Constant readers will most likely recall that we reported on the U.S. Army's NGSW program in the recent past. The current service weapons in the form of M4A1 carbines and M249 light machine guns in 5.56x45 are in fact to be gradually replaced by more powerful weapon systems in as little as two years. General Dynamics Ordnance and Tactical Systems, AAI Corporation Textron Systems and SIG Sauer are participating in the tender. The medium-caliber 6.8 mm with a "General Purpose Projectile" is ballistically between 5.56x45 mm and 7.62x51 mm, but is said to have little in common with Remington's already familiar 6.8 SPC (Special Purpose Cartridge) from 2002, while the bullet weight is also expected to be between 85 to 120 grains.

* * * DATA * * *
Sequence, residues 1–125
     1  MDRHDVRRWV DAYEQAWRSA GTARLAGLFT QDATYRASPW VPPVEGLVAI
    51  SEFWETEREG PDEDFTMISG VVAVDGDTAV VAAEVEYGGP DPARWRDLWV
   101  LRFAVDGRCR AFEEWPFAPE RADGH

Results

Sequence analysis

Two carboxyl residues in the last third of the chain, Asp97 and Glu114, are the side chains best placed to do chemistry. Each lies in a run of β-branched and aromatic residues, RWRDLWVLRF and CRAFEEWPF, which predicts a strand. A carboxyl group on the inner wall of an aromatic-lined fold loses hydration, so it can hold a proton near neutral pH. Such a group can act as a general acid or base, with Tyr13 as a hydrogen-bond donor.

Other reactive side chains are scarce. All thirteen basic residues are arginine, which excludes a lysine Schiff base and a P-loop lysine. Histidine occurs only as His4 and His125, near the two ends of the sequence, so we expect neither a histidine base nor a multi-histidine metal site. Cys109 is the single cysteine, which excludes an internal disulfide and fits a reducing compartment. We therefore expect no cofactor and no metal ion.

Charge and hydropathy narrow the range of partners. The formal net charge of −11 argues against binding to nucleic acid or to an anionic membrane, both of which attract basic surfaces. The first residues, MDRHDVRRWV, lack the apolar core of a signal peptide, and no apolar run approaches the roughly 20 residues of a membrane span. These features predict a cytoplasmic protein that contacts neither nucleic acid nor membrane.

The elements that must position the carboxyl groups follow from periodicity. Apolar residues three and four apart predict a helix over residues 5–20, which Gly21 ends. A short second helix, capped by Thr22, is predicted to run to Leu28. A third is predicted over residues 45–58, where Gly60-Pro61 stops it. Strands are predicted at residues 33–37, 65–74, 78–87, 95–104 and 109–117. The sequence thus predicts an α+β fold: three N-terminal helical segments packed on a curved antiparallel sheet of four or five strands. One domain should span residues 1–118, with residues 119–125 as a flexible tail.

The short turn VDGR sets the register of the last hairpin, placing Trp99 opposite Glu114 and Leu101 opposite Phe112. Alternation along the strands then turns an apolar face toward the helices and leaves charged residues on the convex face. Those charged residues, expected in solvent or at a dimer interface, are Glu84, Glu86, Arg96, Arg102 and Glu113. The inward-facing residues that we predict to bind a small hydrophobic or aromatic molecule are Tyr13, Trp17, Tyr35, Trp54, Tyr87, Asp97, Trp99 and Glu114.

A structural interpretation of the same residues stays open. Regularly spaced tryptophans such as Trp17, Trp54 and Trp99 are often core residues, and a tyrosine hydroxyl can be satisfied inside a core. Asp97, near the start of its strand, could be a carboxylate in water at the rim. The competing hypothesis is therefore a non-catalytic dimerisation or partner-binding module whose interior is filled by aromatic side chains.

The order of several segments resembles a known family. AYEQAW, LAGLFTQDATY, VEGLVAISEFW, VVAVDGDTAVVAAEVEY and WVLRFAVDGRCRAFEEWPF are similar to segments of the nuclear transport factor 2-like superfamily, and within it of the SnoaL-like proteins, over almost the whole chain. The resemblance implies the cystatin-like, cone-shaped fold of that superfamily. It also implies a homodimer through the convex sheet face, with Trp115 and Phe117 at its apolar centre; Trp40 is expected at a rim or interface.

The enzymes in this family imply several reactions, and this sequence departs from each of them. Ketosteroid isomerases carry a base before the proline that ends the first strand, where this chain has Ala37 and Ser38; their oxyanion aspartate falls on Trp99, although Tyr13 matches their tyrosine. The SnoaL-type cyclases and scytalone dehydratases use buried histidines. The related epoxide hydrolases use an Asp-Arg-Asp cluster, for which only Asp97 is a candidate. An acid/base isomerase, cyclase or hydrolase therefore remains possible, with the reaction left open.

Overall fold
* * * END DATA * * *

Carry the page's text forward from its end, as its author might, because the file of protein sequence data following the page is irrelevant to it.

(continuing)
Polymer case logistical advantages
In August 2019, True Velocity was selected as a finalist for ammunition delivery by the US Army, and the first 6.8mm test ammunition was delivered to the military exactly one year later. Further tests are scheduled to run in 2021 before the Army decides on further contracts under the NGSW program. The major advantage of ammunition with polymer rather than brass cases is the 30% reduction in weight, which greatly improves transportation logistics in military units. According to the manufacturer, up to 27 million cartridges based on the True Velocity design can be produced annually in a 245-square-meter modern production facility.